The Legal Hair-Conditioning Ingredient Killing Fetuses

Are listed on the label

Quats 2

Quats 2

Part One

January 2009. Toxicologist Terry Hrubec was looking through her microscope at the gap in the neural tube of a 10-day-old mouse embryo. The neural tube is a collection of cells that will ultimately become the brain and spinal cord in mice and humans. The highly magnified image of the divide troubled Hrubec. She expected to see examples like this of the drug's toxicity to the developing fetus. But, in this case, she was troubled and perplexed.

The point of her work was to learn about the causes of neural tube birth defects; gaps in neural tubes are signs of dangerous birth defects and pregnancies gone wrong. If the neural tube were developing properly it would be completely joined. The trouble was that she expected to see this gap in the neural tubes of embryos whose mothers were exposed to the toxic drugs she had been studying. The drugs were known to cause birth defects. This was different.

In this case, she was finding them in the control group—the mice that weren’t suppose to be exposed to the drug. Some 10 percent of the control group had birth defects.

Neural tube defects (NTDs) are severe congenital malformations. Around 1 in every 1000 pregnancies experience them. Thankfully, NTDs have been declining in countries where food is fortified with folic acid. That is why doctors tell pregnant patients to use this supplement and it is added to cereal and bread and other foods as part of their enrichment after being refined. She repeated everything to make sure she hadn’t made a mistake. She talked to the staff. Same old mice. Same old diet.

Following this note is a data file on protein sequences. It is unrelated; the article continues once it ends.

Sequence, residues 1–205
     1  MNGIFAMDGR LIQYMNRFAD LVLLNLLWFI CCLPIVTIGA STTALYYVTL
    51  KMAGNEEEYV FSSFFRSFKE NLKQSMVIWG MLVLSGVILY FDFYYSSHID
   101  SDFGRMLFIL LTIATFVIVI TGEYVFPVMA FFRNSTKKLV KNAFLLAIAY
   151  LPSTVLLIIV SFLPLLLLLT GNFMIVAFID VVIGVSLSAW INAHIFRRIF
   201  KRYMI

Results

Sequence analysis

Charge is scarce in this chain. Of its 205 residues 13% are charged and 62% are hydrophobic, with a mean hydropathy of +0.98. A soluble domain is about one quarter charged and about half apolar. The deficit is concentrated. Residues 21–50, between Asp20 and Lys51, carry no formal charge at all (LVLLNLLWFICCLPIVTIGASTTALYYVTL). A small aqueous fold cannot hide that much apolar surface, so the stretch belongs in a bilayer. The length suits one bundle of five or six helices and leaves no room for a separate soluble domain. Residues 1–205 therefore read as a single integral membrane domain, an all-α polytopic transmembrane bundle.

But there was one change.

To keep the animals free from pathogens the cages were sprayed with a disinfectant. The animal facility at Virginia Tech had just added a new disinfectant to their protocol. Manual disease prevention included manually cleaning everything with chlorine-based formulations. In the fall of 2008, the staff switched to a different kind of cleaner using a family of environmentally persistent chemicals called quats or quaternium ammonium compounds. In this case, the disinfectant was exposing the animals to alkyldimethylbenzylammonium chloride (ADBAC) and didecyldimethylammonium chloride (DDAC). It hadn’t taken long for the quats to exert their effects on the lab animals.

By 2014, she had begun publishing her findings in the journal Reproductive Toxicology. Her team found that decreased reproductive performance in laboratory mice coincided with the introduction of a disinfectant containing quats. Disconcertingly, these compounds “were detected in caging material over a period of several months following cessation of disinfectant use.” Breeding pairs exposed for six months to the quat-based disinfectant exhibited decreases in fertility and fecundity: increased time to first litter, longer pregnancy intervals, fewer pups per litter, and fewer pregnancies.

References

Melin VE, Potineni H, Hunt P, Griswold J, Siems B, Werre SR, Hrubec TC. Exposure to common quaternary ammonium disinfectants decreases fertility in mice. Reprod Toxicol. 2014 Dec;50:163-70. doi: 10.1016/j.reprotox.2014.07.071. Epub 2014 Aug 14. PMID: 25483128; PMCID: PMC4260154.] “Significant morbidity” in near term mother mice was also observed. “In summary, exposure to a common QAC disinfectant mixture significantly impaired reproductive health in mice.”

Read Part Two: Hair-Conditioner Ingredient Harms Both Sexes' Fertility

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